Biden’s diverse first judicial picks put a Black woman on the path for the Supreme Court
President Biden announced his first slate of judicial nominees Tuesday, moving quickly to put a diverse cast on the judiciary and placing a 50-year-old federal judge in position to potentially become the first Black woman chosen for the U.S. Supreme Court.
The 11 nominees contrasted sharply with those appointed by former President Trump, who were overwhelmingly white men.
All three of Biden’s initial nominees to the federal appeals courts, the second-highest tier in the judicial system, are Black women. The nominees for federal district court posts include people who, if confirmed, would become the first Muslim federal judge and the first woman of color to serve on the federal bench in Maryland, the White House said. Four of the 11 are of Asian or Pacific Islander descent.
The nominees are the first of what the White House expects will be a “steady drumbeat” of judicial nominations this year, said a senior White House official who briefed reporters on the nominations.
In a statement, Biden referred to his picks as a “trailblazing slate of nominees” drawn from “the very best and brightest minds of the American legal profession.”
“Each is deeply qualified and prepared to deliver justice faithfully under our Constitution and impartially to the American people — and together they represent the broad diversity of background, experience and perspective that makes our nation strong,” he said.
The Biden nominee likely to attract the most attention, especially in the Senate, which will consider their confirmations this spring, is Judge Ketanji Brown Jackson, currently a federal district judge in Washington, D.C. Biden has nominated her to serve on the D.C. Circuit federal court of appeals. That court is often tagged as the second-most influential in the country because of the many high-profile government-related cases that land on its docket.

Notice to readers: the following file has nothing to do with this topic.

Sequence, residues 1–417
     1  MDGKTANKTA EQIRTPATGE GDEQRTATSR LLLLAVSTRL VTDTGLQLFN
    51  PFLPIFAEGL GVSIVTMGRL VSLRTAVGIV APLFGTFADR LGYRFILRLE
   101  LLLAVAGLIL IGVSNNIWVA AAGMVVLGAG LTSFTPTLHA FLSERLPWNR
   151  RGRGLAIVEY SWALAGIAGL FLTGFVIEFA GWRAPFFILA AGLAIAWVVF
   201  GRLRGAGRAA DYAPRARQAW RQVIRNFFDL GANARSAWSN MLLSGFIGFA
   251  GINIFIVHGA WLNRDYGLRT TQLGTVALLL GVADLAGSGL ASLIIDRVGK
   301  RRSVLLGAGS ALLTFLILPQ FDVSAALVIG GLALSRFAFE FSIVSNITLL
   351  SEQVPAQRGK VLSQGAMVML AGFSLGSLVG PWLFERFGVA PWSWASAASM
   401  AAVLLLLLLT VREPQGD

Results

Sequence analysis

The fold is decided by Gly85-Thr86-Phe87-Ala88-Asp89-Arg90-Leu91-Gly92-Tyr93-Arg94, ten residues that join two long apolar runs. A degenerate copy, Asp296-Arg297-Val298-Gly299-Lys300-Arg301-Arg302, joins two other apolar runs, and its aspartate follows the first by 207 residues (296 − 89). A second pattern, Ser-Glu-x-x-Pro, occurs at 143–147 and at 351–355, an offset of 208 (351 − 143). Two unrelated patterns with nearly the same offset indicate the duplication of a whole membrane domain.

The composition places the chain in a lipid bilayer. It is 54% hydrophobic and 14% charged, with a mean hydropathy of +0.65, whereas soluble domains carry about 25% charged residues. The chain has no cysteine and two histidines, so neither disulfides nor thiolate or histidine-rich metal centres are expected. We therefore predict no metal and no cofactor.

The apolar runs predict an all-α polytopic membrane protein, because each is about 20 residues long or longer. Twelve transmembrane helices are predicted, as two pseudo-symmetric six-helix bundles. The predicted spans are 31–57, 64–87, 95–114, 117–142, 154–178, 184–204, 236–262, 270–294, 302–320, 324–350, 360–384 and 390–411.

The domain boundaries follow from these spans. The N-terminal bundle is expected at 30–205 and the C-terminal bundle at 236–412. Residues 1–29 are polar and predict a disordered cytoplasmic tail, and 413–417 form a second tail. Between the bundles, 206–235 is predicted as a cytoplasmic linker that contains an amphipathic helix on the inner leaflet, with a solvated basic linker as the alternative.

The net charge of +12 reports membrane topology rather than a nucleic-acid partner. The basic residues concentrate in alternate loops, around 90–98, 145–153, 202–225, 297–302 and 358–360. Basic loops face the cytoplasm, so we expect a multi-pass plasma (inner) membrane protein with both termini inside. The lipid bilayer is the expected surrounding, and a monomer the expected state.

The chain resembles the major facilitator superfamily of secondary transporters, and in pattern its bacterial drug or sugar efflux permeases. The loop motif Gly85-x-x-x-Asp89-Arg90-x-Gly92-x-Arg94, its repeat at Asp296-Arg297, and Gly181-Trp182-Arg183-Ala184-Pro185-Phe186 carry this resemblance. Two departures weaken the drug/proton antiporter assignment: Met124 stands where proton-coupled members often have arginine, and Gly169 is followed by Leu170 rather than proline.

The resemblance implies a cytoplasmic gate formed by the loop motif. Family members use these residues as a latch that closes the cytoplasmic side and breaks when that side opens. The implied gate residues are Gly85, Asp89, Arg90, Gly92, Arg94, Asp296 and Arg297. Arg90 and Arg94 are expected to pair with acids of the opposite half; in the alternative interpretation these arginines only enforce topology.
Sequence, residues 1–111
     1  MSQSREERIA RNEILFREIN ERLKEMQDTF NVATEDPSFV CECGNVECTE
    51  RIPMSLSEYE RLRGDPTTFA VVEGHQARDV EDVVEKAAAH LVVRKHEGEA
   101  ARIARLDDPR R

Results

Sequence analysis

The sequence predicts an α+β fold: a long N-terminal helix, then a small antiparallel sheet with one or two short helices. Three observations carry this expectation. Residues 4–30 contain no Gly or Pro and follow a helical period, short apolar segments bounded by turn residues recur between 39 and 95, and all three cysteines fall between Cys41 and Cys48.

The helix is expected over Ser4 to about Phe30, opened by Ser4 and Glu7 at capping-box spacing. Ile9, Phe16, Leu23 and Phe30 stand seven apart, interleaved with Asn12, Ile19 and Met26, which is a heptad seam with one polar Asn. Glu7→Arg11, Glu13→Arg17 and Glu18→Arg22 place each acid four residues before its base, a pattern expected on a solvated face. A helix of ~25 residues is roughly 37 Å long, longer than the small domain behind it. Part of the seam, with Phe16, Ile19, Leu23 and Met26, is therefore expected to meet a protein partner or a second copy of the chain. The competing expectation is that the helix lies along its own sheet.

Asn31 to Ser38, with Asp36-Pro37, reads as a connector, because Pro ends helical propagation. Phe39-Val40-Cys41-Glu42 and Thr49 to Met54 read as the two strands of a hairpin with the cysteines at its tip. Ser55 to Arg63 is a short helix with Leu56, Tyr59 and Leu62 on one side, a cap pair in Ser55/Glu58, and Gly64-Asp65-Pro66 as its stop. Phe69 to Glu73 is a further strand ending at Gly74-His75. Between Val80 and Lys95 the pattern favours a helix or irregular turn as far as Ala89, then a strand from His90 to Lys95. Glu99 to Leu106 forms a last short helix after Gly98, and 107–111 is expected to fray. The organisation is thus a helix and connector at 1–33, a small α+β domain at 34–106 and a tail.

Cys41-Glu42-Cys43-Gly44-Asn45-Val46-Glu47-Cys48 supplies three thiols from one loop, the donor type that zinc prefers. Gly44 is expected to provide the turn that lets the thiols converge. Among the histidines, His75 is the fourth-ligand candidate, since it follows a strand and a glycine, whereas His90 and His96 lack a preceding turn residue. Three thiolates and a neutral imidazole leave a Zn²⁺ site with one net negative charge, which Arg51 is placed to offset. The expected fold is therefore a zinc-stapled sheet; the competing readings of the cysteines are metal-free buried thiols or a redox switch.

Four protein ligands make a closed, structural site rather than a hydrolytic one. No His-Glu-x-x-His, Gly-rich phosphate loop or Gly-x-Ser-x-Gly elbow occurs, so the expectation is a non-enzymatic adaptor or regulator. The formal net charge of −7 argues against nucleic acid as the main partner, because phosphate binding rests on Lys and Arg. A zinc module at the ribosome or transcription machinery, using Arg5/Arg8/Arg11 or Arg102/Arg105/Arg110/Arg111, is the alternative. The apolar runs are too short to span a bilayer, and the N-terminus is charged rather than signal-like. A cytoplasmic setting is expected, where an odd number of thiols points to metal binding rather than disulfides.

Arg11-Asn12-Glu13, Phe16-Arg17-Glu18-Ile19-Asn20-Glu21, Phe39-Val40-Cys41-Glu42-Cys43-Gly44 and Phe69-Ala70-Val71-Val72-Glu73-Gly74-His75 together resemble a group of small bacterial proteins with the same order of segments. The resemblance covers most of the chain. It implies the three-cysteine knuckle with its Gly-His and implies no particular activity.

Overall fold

More pertinent in Jackson’s case, it has often served as a springboard for the Supreme Court. Three of the current nine justices — Chief Justice John G. Roberts Jr., and Justices Clarence Thomas and Brett M. Kavanaugh, served on the D.C. Circuit before being nominated to the Supreme Court. So did the late Justices Ruth Bader Ginsburg and Antonin Scalia.
Jackson, a well-regarded district judge, has often been mentioned as a potential Supreme Court nominee in a Democratic administration. That speculation heightened during the presidential campaign when Biden promised to name a Black woman to the high court.
White House officials were quick to note that naming 11 judicial nominees by the end of March put Biden ahead of the pace set by his predecessors. White House Chief of Staff Ron Klain tweeted Tuesday morning that in their first 100 days, President Obama made three nominations and Trump two, while neither President Clinton nor President George W. Bush made any. Biden was at “11, with 30+ days to go,” Klain wrote.
The president served 17 years as chairman or the ranking Democrat on the Senate Judiciary Committee, which handles judicial nominations, giving him extensive experience with the process, the senior White House official noted; Klain for a time was the committee’s chief counsel.
In addition to racial and ethnic diversity, Biden has been keen to break away from the pattern of judges being drawn disproportionately from a small range of professional backgrounds — especially former prosecutors and partners at large corporate law firms, the senior official noted. Four of the current nominees, including Jackson, worked as public defenders, who represent those who cannot afford to pay for their own lawyers.
“Public defenders, in particular, occupy a critical space in our judicial system,” the official said, speaking under ground rules that don’t allow use of names. “Our criminal justice system can’t function without talented individuals on both sides,” the official said, and having them as judges “is as important as having individuals who represented the government.” Lawyers who have handled civil rights cases are also a priority, the official said.